Dutch diaspora

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Distribution of Dutch diaspora
  Netherlands
  +1,000,000
  +100,000
  +10,000
  +1,000

The Dutch diaspora consists of Dutch people and their descendants living outside the Netherlands.[1]

Emigration from the Netherlands has been occurring for since at least the 17th century, and may be traced back to the international presence of the Dutch Empire and its monopoly on mercantile shipping in many parts of the world.[2]

Dutch people settled permanently in a number of former Dutch colonies or trading enclaves abroad, namely the Dutch Caribbean, the Dutch Cape Colony, the Dutch East Indies, Surinam, and New Netherland.[2] Since the end of the Second World War, the largest proportion of Dutch emigrants have moved to Anglophone countries, namely Canada, Australia, New Zealand, and the United States, mainly seeking better employment opportunities.[1] Postwar emigration from the Netherlands peaked between 1948 and 1963, with occasional spikes in the 1980s and the mid-2000s.[1] Cross-border migration to Belgium and Germany has become more common since 2001, driven by the rising cost of housing in major Dutch cities.[1]

History[edit]

The first big wave of Dutch immigrants to leave the Low Countries were from present day Northern Belgium as they wanted to escape the heavily urbanised cities in Western Flanders. They arrived in Brandenburg in 1157. Due to this, the area is known as "Fläming" (Fleming) in reference to the Duchy that these immigrants came from. Because of a number of devastating floods in the provinces of Zeeland and Holland in the 12th century, large numbers of farmers migrated to The Wash in England, the delta of the Gironde in France, around Bremen, Hamburg and western North Rhine-Westphalia.[3] Until the late 16th century, many Dutchmen and women (invited by the German margrave) moved to the delta of the Elbe, around Berlin, where they dried swamps, canalized rivers and built numerous dikes. Today, the Berlin dialect still bears some Dutch features.[4]

The town of Nymburk in the Kingdom of Bohemia was settled by Dutch colonists during the medieval eastward migration in the 13th century.[5]

Overseas emigration of the Dutch started around the 16th century, beginning a Dutch colonial empire. The first Dutch settlers arrived in the New World in 1614 and built a number of settlements around the mouth of the Hudson River, establishing the colony of New Netherland, with its capital at New Amsterdam (the future world metropolis of New York City). Dutch explorers also discovered Australia and New Zealand in 1606, though they did not settle the new lands; and Dutch immigration to these countries did not begin until after the Second World War. The Dutch were also one of the few Europeans to successfully settle Africa prior to the late 19th century.[6]

List of countries by population of Dutch heritage[edit]

Country Population % of country Criterion
Dutch in North America
Canada Dutch Canadian 1,067,245 3%

[7]

United States Dutch American 5,023,846 1.6%

[8]

Dutch in South America
Brazil Dutch Brazilian 1,000,000 0.5%

[9]

Chile Dutch Chilean 10,000 0.3%

[9]

Argentina Dutch Argentines 5,000 0.07%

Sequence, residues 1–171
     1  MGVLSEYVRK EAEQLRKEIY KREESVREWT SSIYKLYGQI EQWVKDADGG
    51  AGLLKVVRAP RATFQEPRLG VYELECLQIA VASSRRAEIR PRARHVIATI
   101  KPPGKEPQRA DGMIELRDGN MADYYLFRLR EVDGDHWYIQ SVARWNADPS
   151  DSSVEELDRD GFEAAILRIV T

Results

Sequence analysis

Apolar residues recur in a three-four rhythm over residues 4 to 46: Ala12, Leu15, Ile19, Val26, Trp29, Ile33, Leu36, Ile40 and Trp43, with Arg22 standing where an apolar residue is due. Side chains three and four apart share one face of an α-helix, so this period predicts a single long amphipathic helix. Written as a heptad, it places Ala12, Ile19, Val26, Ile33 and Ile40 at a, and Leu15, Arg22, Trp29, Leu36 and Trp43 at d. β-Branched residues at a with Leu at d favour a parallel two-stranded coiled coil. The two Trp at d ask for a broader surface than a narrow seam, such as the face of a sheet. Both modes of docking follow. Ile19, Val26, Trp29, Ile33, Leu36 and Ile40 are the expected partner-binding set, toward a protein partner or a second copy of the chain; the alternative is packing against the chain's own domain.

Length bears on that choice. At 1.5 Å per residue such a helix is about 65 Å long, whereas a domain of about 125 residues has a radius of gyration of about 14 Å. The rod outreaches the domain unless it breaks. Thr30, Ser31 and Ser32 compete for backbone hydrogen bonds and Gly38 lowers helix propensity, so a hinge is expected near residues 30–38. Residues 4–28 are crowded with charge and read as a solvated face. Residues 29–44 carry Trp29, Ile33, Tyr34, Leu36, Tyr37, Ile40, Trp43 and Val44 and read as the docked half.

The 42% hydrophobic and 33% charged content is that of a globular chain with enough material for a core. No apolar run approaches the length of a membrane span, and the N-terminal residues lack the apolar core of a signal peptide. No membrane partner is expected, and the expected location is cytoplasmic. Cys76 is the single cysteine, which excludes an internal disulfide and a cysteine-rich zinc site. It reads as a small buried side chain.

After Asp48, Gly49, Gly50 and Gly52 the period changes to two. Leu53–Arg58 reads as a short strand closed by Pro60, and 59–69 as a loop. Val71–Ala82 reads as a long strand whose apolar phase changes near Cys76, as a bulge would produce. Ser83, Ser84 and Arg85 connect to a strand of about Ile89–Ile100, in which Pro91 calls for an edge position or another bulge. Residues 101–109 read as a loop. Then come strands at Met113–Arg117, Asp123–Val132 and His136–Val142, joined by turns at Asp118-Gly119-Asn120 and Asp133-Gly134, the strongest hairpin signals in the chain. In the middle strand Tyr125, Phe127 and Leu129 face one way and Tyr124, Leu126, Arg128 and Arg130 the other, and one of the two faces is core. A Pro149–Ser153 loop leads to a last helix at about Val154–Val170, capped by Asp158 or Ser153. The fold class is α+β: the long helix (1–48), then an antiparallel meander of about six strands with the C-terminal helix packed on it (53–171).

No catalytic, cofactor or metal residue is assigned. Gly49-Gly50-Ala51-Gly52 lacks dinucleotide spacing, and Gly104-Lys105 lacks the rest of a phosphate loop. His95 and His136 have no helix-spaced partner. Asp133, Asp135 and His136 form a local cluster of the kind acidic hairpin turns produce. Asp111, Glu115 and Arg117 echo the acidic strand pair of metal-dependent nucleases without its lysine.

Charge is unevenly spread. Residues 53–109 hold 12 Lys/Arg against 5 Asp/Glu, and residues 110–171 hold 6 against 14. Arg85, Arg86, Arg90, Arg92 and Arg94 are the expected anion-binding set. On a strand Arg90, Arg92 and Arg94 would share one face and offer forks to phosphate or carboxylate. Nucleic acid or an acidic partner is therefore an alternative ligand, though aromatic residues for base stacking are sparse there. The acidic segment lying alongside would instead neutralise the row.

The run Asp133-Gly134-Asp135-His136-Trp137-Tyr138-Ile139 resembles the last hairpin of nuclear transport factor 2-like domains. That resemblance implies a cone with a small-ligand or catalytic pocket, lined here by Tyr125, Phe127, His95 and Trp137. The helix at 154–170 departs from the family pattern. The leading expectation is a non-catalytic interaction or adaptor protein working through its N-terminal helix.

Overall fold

[9]

Dutch in Europe
United Kingdom Dutch British 40,438 0.06%

[10]

Finland Dutch people in Finland 2,000 0.04% [11]
France Dutch people in France Dutch ancestry 1,000,000, born in The Netherlands 60,000 [12] 1.5%

[7]

Germany Dutch people in Germany 350,000 0.4%

[13]

Belgium Dutch people in Belgium 120,970 1%

[14]

Norway Sweden Denmark Dutch people in Scandinavia 53,000

[15][16]

Portugal Dutch people in Portugal 10,392 0.1% [17]
Dutch in Asia
Sri Lanka Dutch Burghers 40,000 0.3%

[18]

Dutch in Oceania
Australia Dutch Australian 335,493 1.5%

[19]

New Zealand Dutch New Zealander 100,000 2%

[20]

Dutch in Africa
Namibia Baster 50,000 2.5%

[21]

Namibia South Africa Coloured 4,539,790

[22]

South Africa Afrikaner 2,710,461 5.4%

[23]

Total in Diaspora ~15,000,000
Netherlands Dutch people 17,151,228 %

[24]

Total Worldwide ~28,000,000

Distribution[edit]

Africa[edit]

South Africa[edit]

Painting depicting the arrival of Dutch settlers under Jan van Riebeeck at the Cape of Good Hope, 1652.

The Cape of Good Hope was first settled by Europeans under the auspices of the Dutch East India Company (also known by its Dutch initials VOC), which established a victualing station there in 1652 to provide its outward bound fleets with fresh provisions and a harbour of refuge during the long sea journey from Europe to Asia.[25] Since the primary purpose of the Cape settlement at the time was to stock provisions for passing Dutch ships, the VOC offered grants of farmland to its employees under the condition they would cultivate grain for company warehouses, and released them from their contracts to save on their wages.[25] Prospective employees had to be married Dutch citizens, considered "of good character" by the company, and had to commit to spending at least twenty years on the African continent.[25] They were issued with a letter of freedom, known as a "vrijbrief", which released them from company service,[26] and received farms of thirteen and a half morgen each.[25] However, the new farmers were also subject to heavy restrictions: they were ordered to focus on cultivating grain, and each year their harvest was to be sold exclusively to Dutch officials at fixed prices.[27] They were forbidden from growing tobacco, producing vegetables for any purpose other than personal consumption, or purchasing cattle from the native tribes at rates which differed from those set by the company.[25] With time, these restrictions and other attempts by the colonial authorities to control the European population resulted in successive generations of settlers and their descendants becoming increasingly localised in their loyalties and national identity and hostile towards the colonial government.[28]